Chemical intensive farming good for soil?

almost 57 per cent of geographical area in India suffers soil degradation. The reason attributed for this is often chemical intensive agricultural practices. But a recently published research justifies chemical intensive agriculture saying it maintains soil health. The study has been criticized on several counts.

It says organic carbon in the soil in various parts of the country has increased because of agricultural practices promoted in the past 25 years by the government. Researchers from the National Bureau of Soil Survey, Nagpur, tested soil samples from 22 places in the Gangetic plains and peninsular India and compared them with soil records 25 years ago. They also say that inorganic carbon has increased in the regions. Inorganic carbon is bad because it reduces the porosity of the soil.

The study does not take into account the balance of organic and inorganic carbon before giving a verdict on soil health. Increase in organic carbon does not necessarily imply increase in fertility, say scientists. For example, rice cultivation carried out with a balanced use of fertilizers, increases organic carbon. But it has disadvantages. "It decreases other nutrients. The positives are offset, leading to decrease in fertility,' says Biswapati Mandal, scientist at Bidhan Chandra Krishi Viswa Vidyalaya, West Bengal.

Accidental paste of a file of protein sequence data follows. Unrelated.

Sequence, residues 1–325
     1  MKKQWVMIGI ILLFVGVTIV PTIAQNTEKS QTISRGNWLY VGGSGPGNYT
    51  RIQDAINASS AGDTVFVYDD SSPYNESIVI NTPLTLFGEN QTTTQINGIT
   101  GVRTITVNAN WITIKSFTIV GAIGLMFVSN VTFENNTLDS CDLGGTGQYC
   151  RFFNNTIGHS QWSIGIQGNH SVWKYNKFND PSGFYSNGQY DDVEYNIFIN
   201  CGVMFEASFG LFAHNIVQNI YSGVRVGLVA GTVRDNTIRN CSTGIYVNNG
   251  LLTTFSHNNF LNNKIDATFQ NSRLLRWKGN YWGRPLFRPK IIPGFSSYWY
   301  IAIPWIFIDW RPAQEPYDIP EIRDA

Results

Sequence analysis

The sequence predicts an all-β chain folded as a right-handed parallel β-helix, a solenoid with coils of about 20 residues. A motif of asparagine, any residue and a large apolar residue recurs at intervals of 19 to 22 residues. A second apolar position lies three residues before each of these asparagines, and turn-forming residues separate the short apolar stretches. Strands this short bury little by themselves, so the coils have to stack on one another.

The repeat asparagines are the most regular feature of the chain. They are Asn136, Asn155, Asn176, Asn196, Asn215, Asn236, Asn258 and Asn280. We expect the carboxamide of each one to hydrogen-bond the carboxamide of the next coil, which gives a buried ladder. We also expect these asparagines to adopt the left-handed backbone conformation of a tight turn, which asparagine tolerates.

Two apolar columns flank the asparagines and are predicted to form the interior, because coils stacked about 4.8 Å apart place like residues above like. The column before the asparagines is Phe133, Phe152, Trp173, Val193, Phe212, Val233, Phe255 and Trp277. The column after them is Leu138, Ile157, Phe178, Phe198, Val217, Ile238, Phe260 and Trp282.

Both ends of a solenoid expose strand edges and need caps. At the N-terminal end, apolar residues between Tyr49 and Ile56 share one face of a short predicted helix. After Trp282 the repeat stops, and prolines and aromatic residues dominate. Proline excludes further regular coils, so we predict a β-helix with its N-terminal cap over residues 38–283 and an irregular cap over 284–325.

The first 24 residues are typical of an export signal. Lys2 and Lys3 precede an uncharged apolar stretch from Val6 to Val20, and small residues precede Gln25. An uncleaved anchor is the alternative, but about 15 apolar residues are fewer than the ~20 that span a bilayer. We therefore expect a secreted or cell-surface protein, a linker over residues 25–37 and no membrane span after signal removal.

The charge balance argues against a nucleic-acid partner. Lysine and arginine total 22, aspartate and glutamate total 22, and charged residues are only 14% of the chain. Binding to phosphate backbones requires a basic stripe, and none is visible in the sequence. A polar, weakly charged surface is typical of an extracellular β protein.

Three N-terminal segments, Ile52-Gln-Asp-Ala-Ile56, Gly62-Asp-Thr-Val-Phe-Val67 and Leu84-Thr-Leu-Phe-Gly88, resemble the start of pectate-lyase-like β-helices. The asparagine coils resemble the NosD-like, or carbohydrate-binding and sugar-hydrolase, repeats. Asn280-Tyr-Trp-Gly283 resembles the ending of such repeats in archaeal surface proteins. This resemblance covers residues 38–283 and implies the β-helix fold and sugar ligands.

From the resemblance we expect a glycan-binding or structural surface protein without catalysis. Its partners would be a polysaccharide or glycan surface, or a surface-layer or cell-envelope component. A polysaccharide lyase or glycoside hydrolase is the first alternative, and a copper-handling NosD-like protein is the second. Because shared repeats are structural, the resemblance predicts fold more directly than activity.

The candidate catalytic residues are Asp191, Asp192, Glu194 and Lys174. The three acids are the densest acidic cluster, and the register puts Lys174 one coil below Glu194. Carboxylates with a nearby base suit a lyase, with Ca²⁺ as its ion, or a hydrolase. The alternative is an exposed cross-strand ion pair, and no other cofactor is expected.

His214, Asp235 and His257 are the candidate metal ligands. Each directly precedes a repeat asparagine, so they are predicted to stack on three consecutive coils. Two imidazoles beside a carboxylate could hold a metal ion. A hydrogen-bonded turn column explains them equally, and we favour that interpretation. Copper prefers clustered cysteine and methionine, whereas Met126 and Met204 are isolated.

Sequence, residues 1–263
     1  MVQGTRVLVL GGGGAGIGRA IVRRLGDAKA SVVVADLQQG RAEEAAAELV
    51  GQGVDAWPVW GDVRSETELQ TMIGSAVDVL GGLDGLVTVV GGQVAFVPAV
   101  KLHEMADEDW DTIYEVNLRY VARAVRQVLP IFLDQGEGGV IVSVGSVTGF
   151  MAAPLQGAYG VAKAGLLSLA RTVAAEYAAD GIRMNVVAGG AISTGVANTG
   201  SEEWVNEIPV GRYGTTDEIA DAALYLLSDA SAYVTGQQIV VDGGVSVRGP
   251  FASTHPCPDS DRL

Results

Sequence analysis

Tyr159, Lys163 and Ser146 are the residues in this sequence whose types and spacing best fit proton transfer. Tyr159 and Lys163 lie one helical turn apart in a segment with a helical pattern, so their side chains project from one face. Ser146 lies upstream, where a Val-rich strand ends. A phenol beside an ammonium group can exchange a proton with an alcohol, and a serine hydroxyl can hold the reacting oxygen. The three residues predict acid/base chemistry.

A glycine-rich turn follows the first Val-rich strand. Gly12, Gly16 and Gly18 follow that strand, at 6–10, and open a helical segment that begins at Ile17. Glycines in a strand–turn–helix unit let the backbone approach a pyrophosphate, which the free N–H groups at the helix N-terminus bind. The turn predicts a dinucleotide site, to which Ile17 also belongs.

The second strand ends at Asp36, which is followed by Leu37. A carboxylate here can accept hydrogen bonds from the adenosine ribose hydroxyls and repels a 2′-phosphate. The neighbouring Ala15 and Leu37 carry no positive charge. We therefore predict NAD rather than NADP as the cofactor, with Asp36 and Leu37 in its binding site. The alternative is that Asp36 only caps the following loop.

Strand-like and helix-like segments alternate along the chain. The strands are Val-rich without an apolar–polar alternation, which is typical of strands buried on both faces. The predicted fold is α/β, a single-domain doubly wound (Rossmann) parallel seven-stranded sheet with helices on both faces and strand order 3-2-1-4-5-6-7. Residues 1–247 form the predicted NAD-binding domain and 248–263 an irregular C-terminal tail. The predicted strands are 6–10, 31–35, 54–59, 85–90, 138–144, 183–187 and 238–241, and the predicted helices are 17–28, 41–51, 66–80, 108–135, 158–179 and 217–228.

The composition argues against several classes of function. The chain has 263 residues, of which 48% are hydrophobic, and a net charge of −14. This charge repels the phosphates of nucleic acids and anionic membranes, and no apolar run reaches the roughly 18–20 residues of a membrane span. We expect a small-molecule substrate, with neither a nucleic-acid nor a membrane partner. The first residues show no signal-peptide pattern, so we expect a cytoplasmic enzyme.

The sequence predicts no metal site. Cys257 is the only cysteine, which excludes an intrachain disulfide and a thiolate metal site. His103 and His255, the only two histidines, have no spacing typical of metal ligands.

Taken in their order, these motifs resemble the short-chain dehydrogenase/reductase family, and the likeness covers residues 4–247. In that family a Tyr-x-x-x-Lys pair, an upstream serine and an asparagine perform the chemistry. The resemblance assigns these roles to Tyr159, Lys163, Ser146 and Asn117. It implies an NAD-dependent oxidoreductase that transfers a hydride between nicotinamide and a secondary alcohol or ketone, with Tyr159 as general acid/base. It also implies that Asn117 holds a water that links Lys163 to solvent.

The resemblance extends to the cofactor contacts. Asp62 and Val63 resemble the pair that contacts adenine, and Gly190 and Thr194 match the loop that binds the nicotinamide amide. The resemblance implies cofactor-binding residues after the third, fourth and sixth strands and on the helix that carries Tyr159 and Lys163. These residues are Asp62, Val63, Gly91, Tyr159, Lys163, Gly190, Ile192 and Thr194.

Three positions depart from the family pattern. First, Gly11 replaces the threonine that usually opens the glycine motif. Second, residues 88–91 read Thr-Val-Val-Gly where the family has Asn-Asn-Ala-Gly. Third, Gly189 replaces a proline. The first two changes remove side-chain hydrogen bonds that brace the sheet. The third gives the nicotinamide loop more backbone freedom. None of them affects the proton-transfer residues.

Bijay Singh, professor at the Punjab Agriculture University in Ludhiana, says the areas under study do not portray a realistic picture. "The study has been carried out in well manured and well fertilized sites, which are much above the recommended levels,' he said. The management practices reveal the use of generous doses of cowdung. Besides unbalanced use of fertilizers is known to decrease organic carbon.

A study by the Indian Institute of Soil Sciences, Bhopal, presented at the recently held Indian Science Congress at Vishakhapatnam says larger inputs of fertilizers and limited use of organic manures hastened soil degeneration.

The paper adds that the degeneration, which includes decrease in organic carbon, leads to a decline in yields. Experts say the National Bureau of Soil Survey study ignores such realities.

Tapas Bhattacharya, scientist at the National Bureau of Soil Survey and lead author of the paper, does not agree. "Most of these studies that say that organic carbon is decreasing have not monitored carbon content of the soil for as long a period as we have done. Hence there may be some error in the short-term calculations,' he said.